Interesting article in today's Wall Street Journal
about a major publisher launching a channel to showcase videos and trailers for their books. While book videos are diversifying by the day, from interviews to demonstrations to character profiles, I want to focus on the popular kid in school: the book trailer.
Book trailers are a fairly recent development--a promotional tool that's really only caught fire over the last 2-3 years. The most successful example I can think of, in regards to actually selling the book it was promoting, is the VidLit
Little, Brown commissioned for YIDDISH WITH DICK AND JANE
. This was one of the very first "book trailers," and it caught on like wildfire. Despite working in the industry, I was still forwarded this trailer by half a dozen people. It was funny, pithy, and made you want to buy the book. YWDAJ sold like crazy, and a new promotional tool was in play. Soon VidLits were popping up everywhere (two books I edited had VidLits produced). They were even used for books that didn't seem quite right for the medium...
Now? Tons of authors and publishers have trailers or videos to promote their books. They run from Vidlits to flash videos to full on ensemble mini-movies like the one Michael Connelly created for ECHO PARK
. I like the idea
of book trailers, but I have to say the execution is still pretty hit or miss.
Here's the thing: Most book trailers are made on very
small budgets, using stock photography, stock music, or enlisting 'd' level actors. It'll come as no shock then that a lot of book trailers give off the impression of a 'b' movie. A little cheesy, tenuously straddling the line between high drama and unintentional comedy. Some of them are done quite well (take the BROTHER ODD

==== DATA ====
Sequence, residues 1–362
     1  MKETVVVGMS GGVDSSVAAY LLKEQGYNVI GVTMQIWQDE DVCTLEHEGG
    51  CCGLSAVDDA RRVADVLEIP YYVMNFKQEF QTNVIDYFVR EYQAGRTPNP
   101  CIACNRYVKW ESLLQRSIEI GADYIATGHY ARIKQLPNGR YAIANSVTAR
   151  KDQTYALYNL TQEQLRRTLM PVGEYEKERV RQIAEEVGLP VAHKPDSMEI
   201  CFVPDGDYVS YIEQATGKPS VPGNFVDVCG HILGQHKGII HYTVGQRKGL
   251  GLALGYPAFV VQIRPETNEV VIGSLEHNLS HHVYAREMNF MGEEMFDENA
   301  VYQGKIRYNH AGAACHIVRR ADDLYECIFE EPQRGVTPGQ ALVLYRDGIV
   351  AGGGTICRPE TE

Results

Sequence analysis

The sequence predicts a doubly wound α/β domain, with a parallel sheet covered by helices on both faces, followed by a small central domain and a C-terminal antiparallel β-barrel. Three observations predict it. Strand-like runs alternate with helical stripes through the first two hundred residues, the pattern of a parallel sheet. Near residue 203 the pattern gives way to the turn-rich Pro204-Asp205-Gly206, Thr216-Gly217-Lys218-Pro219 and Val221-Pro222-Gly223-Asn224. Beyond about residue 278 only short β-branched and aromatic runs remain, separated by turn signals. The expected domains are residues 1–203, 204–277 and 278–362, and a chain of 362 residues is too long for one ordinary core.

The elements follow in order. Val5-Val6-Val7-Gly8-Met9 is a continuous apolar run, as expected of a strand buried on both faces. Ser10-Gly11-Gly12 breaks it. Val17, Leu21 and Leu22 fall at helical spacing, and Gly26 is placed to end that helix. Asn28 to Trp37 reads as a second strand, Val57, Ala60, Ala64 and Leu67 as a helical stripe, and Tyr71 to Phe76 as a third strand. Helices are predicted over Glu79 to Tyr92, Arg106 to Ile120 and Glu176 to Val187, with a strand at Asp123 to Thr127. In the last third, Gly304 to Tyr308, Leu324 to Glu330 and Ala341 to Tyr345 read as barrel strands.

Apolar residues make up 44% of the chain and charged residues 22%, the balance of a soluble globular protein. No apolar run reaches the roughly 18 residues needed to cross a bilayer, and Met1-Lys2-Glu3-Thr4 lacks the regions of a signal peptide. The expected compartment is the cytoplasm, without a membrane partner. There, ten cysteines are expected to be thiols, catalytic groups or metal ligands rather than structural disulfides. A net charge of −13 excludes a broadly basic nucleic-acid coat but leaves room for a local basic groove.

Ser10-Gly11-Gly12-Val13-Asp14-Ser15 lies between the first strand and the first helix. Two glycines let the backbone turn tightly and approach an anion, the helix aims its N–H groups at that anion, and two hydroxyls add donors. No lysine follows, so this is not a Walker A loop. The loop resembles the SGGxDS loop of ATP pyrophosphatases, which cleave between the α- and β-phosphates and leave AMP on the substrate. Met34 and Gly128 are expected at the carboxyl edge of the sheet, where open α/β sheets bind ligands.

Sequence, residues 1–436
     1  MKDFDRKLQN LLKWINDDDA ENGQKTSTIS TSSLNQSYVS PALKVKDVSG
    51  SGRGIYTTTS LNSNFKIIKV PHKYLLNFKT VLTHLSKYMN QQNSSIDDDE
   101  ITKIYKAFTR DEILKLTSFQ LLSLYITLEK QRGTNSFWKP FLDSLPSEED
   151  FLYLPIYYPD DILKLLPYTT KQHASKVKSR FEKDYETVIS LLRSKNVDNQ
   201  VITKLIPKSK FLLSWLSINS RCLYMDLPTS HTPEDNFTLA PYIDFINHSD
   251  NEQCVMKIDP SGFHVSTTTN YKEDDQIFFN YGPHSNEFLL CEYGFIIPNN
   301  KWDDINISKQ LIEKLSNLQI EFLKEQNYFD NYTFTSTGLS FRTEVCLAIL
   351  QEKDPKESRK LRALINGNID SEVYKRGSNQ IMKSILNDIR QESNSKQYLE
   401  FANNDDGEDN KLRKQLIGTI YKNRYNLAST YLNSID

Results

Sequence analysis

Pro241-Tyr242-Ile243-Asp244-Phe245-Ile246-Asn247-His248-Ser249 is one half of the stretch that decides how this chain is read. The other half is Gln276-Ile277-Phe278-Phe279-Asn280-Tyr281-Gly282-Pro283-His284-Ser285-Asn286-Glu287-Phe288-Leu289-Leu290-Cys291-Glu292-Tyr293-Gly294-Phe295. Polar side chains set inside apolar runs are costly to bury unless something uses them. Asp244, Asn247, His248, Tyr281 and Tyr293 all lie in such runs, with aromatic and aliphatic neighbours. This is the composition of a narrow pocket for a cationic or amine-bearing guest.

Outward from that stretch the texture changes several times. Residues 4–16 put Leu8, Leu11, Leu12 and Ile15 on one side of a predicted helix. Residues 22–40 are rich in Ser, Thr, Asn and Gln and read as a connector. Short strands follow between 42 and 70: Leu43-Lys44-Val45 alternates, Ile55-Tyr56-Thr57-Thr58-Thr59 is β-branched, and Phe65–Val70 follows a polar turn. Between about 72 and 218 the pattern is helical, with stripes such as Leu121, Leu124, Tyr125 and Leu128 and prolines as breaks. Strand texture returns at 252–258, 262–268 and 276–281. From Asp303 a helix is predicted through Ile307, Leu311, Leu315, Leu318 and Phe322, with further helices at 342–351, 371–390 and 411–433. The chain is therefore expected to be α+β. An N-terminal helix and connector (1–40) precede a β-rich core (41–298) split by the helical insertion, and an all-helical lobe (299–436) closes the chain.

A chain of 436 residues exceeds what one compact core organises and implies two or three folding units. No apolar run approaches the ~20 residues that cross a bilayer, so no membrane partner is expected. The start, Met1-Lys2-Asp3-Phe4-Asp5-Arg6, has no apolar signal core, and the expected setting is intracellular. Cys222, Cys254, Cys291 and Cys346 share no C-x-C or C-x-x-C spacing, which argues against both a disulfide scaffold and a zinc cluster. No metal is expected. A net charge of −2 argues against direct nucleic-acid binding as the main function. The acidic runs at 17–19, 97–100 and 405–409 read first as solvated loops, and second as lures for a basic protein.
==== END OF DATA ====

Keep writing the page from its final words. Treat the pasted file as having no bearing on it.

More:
videos that were produced for Dean Koontz's series), and you can tell money and inspiration were put into them.
I created a teaser for THE MARK
, but I've been hesitant when deciding what to follow it up with. I'm hardly a film major, and I didn't want to create another trailer consisting of random photos and eerie music. Fortunately the band Waterproof Blonde
gave me permission to use one of their songs in my video, so instead of howling wind and random screams I had an actual pop song that, I think, fits well and gives off more of a cinematic feel. My teaser is far from perfect. In fact, it's all text. Like most authors, I used merely what I had at my disposal. And the result, while perhaps unique, certainly won't create the kind of buzz a phenomenal
movie trailer will.
Book trailers are supposed to give off a "movie-ish" vibe, but I guarantee that most book trailers, if they aired before "Spider-Man 3," would be laughed off screen. It's not really the fault of the authors or whoever ponies up the dough, they're simply doing their best with limited resources. When you spend $1,000 on a movie, it's not going to have the production values traditional moviegoers are used to. And I wonder if this could do more harm than good.
So here's my question: since the entire point of a book trailer is to create a cinematic experience for a book, are we doing the books a disservice by creating C+ cinema? Again, there are many book trailers that are unique, inspired, and far from cheesy. But from the trailers I've watched(and I've watched a lot), these are the exception to the rule.
So while this book channel is certainly a step in the right direction, part of me wishes we'd perfect this form of promotion before blanketing the earth with it. Do we really want our books to have the "cinematic feel" of a Tori Spelling MOTW?